What is a breath in the heart?

Contrary to popular belief, most children who have a heart murmur can play sports. Sport is good for health in general and for children in particular.

Can cardiac children also play sports?

This is false

Yet, the heart breath is anchored in the memory of many parents as the sign of a serious heart disease. But a sick heart must not be tired. Starting from this presupposition, with a breath in the heart, it is necessary to make the least effort possible and therefore especially no sport.

However, since these beliefs of the last century, ideas and knowledge on this issue have evolved. At that time, the doctor only had his stethoscope to examine people.

It is an unusual noise that the doctor hears in his stethoscope by auscultating the child. Usually, the beating heart does, schematically, "Poum-Ta". But it can do "Poum-pshh." The "pshh" is the breath, why the noise The blood circulating in the heart is a liquid that can be compared to the water of a creek. When the bottom is filled with rocks and the current is strong, there are eddies and water makes noise. Blood is much the same, there is a lot of eddies in the heart, and the blood that is ejected out of the heart under high pressure makes noise. .

The only way to be sure that it is only a noise and nothing else, is to do what is called a cardiac doppler ultrasound (a non-painful ultrasound examination that is Practiced in the office of the cardiologist). When this examination is normal, your child's heart is normal and there is no need to control it at a later date. So there's no problem doing sports! The breath was just a stray noise and nothing else (much like frying on the phone line).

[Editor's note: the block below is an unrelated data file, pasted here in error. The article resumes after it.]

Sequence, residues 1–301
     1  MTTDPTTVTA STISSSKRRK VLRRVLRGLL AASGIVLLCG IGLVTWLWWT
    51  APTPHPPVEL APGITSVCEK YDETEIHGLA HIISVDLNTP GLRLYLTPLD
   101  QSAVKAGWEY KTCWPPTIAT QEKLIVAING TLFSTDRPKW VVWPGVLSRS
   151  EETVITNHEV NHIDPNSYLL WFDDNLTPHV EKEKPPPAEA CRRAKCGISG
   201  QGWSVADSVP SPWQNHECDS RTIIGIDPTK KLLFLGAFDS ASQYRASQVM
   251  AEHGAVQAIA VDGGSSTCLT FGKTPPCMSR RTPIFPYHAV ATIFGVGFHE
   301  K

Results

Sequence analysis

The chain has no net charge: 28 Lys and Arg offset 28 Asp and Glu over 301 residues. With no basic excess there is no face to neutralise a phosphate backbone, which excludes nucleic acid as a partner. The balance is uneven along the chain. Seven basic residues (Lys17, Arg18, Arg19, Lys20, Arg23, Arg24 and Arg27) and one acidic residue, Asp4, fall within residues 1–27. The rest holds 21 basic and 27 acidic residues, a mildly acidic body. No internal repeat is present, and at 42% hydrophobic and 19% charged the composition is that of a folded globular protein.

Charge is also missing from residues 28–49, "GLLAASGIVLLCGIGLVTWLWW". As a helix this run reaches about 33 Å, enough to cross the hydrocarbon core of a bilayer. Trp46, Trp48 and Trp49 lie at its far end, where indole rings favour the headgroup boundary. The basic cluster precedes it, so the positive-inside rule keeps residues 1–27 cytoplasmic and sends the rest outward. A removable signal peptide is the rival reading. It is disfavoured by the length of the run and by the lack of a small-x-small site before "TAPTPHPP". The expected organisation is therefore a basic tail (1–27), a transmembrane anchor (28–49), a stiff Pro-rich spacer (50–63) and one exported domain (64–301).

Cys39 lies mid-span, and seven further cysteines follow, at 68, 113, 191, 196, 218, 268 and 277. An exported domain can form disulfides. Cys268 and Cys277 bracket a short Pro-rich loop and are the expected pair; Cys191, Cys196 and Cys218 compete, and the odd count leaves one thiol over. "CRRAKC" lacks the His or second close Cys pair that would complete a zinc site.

Caution, keep the results of this exam carefully: if another doctor hears this breath again, you can show him the results of the cardiac Doppler ultrasound.

Most heart children are operated very young and then lead a normal life. In any case, if your child has been operated from the heart and is old enough to play sports, the easiest way is to ask the cardiologist for advice.

Before the era of antibiotics, heart murmurs were, most of the time, due to poorly treated angina. Other times, other mores, the angina are now well cared for. They do not cause any more breath in the heart!